For example, while it’s easy to envision a shooter like A.J. Griffin sliding in next to Zion Williamson and Brandon Ingram, it’s difficult to envision a scenario where he’s a max contract player. On the other end, a guy like Ousmane Dieng may not possess any trait in particular that’s as tantalizing as Griffin’s 3-point shooting, but his all-around game might lead to better 80th percentile outcomes because if he develops an outside shot (and perhaps working with the best shooting coach in the NBA could help there), the rest of his game laps a guy like Griffin’s.

Secondly, if the Pelicans aren’t enamored with anyone as a potential All-NBA player at his 80th-90th percentile outcome, it would likely behoove them to explore trading back a few spots. The Thunder in particular stand out as a team with such a hoard of assets sitting at #12 that they might be willing to overpay a bit more to consolidate those assets into a better player at #8. The dip in the quality of player will be small, the player will be on a slightly cheaper contract, and the Pelicans should be well compensated for making the move.

Additionally, depending on how you view certain players, you should be cautious with wanting the Pelicans to trade up. Personally, I view a guy like Jaden Ivey’s 80th percentile as a slightly better prime Oladipo. Therefore, I’m not willing to make a negative expected value asset trade for him instead of taking a guy like Dyson Daniels, Bennedict Mathurin, etc. Alternatively, if you viewed Ivey’s 80th percentile outcome as a guy like Ja Morant, then that can negate the negative asset play.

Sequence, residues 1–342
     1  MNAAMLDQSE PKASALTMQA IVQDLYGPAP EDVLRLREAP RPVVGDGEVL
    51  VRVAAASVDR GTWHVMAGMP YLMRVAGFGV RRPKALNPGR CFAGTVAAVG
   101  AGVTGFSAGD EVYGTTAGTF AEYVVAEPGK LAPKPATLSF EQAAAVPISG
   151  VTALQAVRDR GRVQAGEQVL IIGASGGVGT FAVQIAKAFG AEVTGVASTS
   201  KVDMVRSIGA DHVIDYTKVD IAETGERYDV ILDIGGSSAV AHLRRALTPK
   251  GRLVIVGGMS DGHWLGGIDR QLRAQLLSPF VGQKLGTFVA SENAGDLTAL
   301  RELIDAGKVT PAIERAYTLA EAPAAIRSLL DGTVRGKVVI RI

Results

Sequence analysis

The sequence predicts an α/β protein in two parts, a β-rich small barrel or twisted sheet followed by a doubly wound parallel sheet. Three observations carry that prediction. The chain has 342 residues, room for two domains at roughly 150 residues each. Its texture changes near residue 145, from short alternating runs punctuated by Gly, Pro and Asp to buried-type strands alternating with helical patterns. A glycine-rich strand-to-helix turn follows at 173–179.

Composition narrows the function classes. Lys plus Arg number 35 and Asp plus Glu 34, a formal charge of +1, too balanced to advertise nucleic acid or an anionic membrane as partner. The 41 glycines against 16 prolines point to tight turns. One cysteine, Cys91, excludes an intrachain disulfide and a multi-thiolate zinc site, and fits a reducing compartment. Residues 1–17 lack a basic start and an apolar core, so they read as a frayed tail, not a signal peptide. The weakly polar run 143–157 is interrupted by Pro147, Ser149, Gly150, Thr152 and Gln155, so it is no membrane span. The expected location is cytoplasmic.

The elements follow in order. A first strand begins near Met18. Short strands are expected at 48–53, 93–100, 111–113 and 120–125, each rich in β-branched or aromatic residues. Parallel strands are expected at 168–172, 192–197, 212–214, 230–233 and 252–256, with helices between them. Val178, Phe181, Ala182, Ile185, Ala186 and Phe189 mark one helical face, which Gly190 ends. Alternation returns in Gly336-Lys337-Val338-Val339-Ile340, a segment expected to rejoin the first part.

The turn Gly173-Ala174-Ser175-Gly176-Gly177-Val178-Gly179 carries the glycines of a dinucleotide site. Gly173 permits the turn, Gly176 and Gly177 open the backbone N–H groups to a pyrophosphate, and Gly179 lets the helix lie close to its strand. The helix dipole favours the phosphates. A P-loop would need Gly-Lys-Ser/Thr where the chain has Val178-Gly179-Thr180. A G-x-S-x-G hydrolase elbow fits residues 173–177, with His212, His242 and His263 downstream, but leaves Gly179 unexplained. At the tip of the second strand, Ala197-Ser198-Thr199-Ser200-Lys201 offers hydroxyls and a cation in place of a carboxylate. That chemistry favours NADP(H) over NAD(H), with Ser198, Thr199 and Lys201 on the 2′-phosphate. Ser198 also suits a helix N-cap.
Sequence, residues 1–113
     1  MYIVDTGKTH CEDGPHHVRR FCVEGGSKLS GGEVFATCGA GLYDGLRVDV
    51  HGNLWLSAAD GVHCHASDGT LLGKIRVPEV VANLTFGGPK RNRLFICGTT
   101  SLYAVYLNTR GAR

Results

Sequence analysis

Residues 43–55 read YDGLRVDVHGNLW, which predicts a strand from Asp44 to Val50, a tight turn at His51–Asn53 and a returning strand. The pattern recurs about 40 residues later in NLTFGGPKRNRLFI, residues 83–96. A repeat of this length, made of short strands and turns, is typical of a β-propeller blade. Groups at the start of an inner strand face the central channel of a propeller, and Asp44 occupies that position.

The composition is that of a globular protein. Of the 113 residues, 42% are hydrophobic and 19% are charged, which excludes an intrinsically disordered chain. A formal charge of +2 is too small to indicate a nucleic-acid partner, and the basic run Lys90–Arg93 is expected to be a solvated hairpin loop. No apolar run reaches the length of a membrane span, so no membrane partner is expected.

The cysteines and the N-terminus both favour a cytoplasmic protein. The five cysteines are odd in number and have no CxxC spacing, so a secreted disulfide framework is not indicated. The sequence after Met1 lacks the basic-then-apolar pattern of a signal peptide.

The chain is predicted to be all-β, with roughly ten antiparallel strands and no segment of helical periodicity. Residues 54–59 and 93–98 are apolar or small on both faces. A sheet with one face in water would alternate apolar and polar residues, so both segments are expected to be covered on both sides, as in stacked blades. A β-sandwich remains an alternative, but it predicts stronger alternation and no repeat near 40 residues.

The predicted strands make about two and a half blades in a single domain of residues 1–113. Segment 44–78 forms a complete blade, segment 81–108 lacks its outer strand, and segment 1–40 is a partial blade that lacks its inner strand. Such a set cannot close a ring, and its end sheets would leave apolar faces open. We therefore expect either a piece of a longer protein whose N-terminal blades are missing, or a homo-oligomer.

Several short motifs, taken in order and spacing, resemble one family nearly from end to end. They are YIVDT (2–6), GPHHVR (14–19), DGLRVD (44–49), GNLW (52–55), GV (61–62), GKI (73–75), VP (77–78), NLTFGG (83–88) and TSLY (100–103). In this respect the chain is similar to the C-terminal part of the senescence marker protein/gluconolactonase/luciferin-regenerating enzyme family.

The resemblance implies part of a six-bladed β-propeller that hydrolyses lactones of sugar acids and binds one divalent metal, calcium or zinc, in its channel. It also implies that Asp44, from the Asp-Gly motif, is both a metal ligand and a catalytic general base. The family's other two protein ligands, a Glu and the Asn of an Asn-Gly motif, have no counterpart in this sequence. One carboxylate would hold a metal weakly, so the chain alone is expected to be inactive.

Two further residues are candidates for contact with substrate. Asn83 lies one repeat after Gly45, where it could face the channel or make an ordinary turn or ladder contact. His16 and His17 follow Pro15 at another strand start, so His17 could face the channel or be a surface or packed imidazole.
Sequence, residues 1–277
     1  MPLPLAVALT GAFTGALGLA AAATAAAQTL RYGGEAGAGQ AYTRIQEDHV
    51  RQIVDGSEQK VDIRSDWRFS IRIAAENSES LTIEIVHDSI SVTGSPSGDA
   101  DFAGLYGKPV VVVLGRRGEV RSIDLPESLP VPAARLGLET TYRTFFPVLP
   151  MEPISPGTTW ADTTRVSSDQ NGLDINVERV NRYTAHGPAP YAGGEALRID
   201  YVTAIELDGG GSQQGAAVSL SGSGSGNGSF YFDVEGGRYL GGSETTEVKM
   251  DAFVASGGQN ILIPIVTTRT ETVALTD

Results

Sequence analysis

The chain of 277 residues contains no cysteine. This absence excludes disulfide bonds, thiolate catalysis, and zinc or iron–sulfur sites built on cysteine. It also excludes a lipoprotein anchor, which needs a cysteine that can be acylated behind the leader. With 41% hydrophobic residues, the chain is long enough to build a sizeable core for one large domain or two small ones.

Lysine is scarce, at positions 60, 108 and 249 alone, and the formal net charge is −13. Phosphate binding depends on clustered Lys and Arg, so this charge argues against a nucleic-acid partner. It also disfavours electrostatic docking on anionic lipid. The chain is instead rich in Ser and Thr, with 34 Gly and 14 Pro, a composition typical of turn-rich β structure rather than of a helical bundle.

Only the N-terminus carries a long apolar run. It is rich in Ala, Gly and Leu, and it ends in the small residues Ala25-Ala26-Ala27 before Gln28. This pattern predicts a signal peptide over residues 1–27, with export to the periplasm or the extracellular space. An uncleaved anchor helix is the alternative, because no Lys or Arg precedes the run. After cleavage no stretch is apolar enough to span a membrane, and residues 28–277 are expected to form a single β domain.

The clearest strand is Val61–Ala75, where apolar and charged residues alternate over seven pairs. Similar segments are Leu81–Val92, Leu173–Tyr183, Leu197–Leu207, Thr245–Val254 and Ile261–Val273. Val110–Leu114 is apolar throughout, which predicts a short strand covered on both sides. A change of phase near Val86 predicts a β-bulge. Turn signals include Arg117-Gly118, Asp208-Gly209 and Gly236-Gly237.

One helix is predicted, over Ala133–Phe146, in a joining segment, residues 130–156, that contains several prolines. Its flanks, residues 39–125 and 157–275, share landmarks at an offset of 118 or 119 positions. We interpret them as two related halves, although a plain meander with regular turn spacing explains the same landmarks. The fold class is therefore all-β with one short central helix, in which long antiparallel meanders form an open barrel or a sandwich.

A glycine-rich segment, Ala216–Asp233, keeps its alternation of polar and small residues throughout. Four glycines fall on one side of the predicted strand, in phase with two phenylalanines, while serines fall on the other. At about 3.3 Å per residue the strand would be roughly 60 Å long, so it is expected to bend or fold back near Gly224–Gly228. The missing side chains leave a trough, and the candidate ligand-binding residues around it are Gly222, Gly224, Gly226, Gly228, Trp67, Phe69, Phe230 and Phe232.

Next, be wary of guys whose key attributes describe him as a “safe” pick, and resist the urge to try to focus on guys who can contribute as a rookie. Often, you’ll lead yourself further astray doing so.

In the draft this year, I’m a bit lower on Johnny Davis and Ochai Agbaji, two guys who have been described as potential day-1 contributors. Alternatively, I’m a bit higher on Jeremy Sochan and Ousmane Dieng, two guys who are viewed as potentially being “slower developers” and who “need more work.” Not only do each possess higher upside (in my opinion), but I’m not as worried about guys who scouts think need a few years as prospects. Chances are, if they wind up being good players, they’ll contribute as early as if not earlier than guys like Davis and Agbaji.

Finally, understand how the value of a player’s role/position accentuates or limits his potential upside. It might not matter that Chet Holmgren projects as a big man who can only play the 4 or 5 if he hits his 80th percentile, but for a guy like Jalen Duren, even if he turns into a borderline All NBA Center, how valuable is that compared to if Keegan Murray turns into “just” a Siakam level player? Especially in the NBA draft where nothing is guaranteed, it would behoove a team like the Pelicans to lean towards wings over centers or small guards if your prospect grades are similar.

Leave a Comment